- I went down to see her shortly after her son was born. She complained nonstop about how her husband wouldn't lift a finger to help her with the baby. I refrained from reminding her about the pact.
- I saved the baby's life one night when she passed out in the bed with him next to her, and she rolled on top of him, stopping his breathing. I never told her that.
- I gave her more money to buy the baby a proper bed and bought him lots of clothes and things. I really wanted to take that baby home with me and never look back.
- She called me several months later and asked if I wanted to adopt him. She couldn't take it any more. I thought about it. My fears about what he had been exposed to in the womb and the dubious gene pool he was from paralyzed me. I didn't think then that she REALLY meant it. Now I think she did.
- I was secretly happy when her husband finally started showing signs of love for his new son.
- I was thrilled when he moved them all back to his dirt-water home town to get Pam away from her druggy friends and easy connections. I prayed while she slowly lost her mind, got clean, and sank into the deep abyss of depression.
- I sent more money when her husband was unable to find work and they had lost their electricity and phone.
- I cried with joy when she graduated from college with her associates degree. I had high hopes she was turning her life around, finally.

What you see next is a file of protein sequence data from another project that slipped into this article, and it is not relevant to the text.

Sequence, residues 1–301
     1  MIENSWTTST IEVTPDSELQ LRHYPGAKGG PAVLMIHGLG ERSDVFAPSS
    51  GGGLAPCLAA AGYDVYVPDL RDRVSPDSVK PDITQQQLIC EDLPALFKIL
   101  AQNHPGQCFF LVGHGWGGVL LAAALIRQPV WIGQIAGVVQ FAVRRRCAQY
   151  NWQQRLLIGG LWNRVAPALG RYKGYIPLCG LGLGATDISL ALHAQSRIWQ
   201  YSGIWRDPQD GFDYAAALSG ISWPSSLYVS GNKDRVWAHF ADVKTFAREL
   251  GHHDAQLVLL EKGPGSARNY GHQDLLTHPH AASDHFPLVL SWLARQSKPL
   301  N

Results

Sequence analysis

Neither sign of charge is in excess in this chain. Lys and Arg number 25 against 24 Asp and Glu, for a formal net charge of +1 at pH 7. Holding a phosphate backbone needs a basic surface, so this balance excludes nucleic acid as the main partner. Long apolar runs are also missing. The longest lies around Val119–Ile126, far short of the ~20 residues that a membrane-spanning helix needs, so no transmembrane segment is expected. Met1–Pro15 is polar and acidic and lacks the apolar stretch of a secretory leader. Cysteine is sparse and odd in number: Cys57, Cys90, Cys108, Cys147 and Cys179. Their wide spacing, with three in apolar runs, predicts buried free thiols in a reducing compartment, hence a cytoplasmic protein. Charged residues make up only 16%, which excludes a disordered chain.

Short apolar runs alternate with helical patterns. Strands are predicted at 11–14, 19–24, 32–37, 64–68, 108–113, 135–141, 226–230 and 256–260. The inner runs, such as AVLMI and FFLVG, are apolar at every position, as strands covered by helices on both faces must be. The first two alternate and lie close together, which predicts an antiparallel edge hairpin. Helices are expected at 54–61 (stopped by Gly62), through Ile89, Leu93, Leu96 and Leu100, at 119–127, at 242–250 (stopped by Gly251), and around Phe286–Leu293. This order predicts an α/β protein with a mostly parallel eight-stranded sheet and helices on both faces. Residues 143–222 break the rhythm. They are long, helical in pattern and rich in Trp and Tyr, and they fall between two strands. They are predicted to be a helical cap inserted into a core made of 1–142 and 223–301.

- I sent even more money when they had to leave their rented home and move into a dilapidated trailer.
- I ignored her frequent offers to let me adopt her son and carefully tried to help her raise him right.
- I cried as her marriage fell apart from the constant fighting over money, wifely duties, and the boy.
- I panicked when she sank into manic depression and was hospitalized for an over-dose. I pleaded with her to seek professional help and get proper medication. I wept when she was diagnosed, finally, as bi-polar.
- I wept again when her beautiful son was diagnosed with ADHD, an attachment disorder, anger issues, and began showing a completely unnatural fixation for sex and other taboo subjects. He was only 7. I was horrified to find out he had been exposed to hardcore pornography by his father and it had warped his fragile mind.
- I secretly screamed with joy when someone called Social Services on her and filed a medical negligence and abuse complaint. I danced when a social worker was assigned to her son to monitor his medications and therapy. I leapt with joy when she was given state assistance so she could also seek ongoing medical treatment and was finally on drugs that were helping her.